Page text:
Jump to Main Content
Near-surface macropore flow and saturated hydraulic conductivity in drained and restored blanket peatlands
- Wallage, Z.E., Holden, J.
- Soil use and management 2011 v.27 no.2 pp. 247-254
- infiltrometers, macropore flow, macropores, peat, peatlands, runoff, saturated flow, saturated hydraulic conductivity, soil water, water management, water table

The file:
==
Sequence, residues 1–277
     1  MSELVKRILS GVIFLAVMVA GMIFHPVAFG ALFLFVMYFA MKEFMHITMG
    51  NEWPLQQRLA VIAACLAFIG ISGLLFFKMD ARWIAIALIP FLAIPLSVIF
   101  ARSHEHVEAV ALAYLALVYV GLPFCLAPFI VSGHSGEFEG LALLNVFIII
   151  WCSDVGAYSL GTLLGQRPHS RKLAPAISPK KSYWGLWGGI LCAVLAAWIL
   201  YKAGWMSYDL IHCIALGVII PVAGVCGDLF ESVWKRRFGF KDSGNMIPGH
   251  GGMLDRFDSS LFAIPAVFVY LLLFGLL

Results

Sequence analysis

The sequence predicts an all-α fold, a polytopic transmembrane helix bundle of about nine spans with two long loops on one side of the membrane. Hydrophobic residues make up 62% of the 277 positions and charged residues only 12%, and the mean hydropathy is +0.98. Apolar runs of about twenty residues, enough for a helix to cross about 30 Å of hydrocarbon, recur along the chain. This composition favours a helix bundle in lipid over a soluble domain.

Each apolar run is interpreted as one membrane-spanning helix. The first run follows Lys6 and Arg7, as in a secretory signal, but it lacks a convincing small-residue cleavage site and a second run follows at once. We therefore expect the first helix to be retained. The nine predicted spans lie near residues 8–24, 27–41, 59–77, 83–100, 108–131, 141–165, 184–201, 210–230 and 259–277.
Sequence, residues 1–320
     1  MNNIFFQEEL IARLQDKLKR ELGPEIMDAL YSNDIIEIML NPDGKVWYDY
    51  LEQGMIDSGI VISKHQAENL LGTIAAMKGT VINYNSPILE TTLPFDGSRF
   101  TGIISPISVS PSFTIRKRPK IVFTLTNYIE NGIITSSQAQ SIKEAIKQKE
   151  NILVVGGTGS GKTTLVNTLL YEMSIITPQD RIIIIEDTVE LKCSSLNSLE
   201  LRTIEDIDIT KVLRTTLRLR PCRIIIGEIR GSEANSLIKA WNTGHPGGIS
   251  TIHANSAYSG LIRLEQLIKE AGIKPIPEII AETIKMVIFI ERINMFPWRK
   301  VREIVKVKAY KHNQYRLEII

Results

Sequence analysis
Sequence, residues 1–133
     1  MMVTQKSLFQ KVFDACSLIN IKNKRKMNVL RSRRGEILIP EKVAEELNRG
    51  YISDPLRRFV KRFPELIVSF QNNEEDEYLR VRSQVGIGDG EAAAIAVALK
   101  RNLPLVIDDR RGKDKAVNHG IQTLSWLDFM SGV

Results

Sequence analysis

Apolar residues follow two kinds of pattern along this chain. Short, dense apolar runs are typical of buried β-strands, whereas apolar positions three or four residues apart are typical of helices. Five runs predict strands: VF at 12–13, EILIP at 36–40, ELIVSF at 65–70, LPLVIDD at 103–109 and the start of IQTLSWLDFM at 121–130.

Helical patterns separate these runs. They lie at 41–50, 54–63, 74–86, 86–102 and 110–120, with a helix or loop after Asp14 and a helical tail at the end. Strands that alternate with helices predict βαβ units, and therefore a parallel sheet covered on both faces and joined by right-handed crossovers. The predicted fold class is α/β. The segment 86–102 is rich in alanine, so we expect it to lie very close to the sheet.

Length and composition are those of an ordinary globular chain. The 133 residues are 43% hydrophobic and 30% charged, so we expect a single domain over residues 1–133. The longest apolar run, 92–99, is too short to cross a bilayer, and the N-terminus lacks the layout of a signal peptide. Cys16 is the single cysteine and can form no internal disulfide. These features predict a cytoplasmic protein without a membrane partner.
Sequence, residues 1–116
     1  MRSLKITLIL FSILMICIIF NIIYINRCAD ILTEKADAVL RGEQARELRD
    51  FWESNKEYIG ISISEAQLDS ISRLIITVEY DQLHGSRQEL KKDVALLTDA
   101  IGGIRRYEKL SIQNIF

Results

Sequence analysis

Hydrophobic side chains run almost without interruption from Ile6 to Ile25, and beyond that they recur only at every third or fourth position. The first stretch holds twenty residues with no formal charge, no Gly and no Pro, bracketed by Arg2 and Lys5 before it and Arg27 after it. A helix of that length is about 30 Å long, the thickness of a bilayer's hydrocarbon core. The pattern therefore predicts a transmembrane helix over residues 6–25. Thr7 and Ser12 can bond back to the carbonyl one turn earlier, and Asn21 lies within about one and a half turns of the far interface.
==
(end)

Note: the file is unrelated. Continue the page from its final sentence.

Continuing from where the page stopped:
- The impacts of blanket peatland management on water tables, near-surface macropore flow and saturated hydraulic conductivity were investigated using automated dipwells and mini-disc tension infiltrometers. Three neighbouring hillslopes which were undisturbed, drained and restored by drain blocking were studied. Mean water table depths at the undisturbed sites were slightly shallower than at the restored site and water tables at both sites were significantly shallower relative to the drained treatment. Through time, however, the water table at the restored treatment behaved in a markedly different way to that at the undisturbed site. Water tables reached the peat surface for only 2% of the time for the drained and restored treatments compared to 18% for the undisturbed treatment. The proportion of runoff flowing through macropores in the near-surface layers of the peat was found to be large (≥60%) across all three treatments, yet functional macroporosity was found to be significantly greater in the undisturbed peat relative to the two other treatments. Meanwhile, saturated hydraulic conductivity was found to be significantly higher at the restored treatment relative to the two other treatments, with mean conductivities ca. 1.5 times greater, suggesting a form of heightened soil-water interaction. Combined, the results indicate that although restoration by ditch blocking may result in a relatively successful water table recovery, there may not be the full reinstatement of peatland hydrological processes.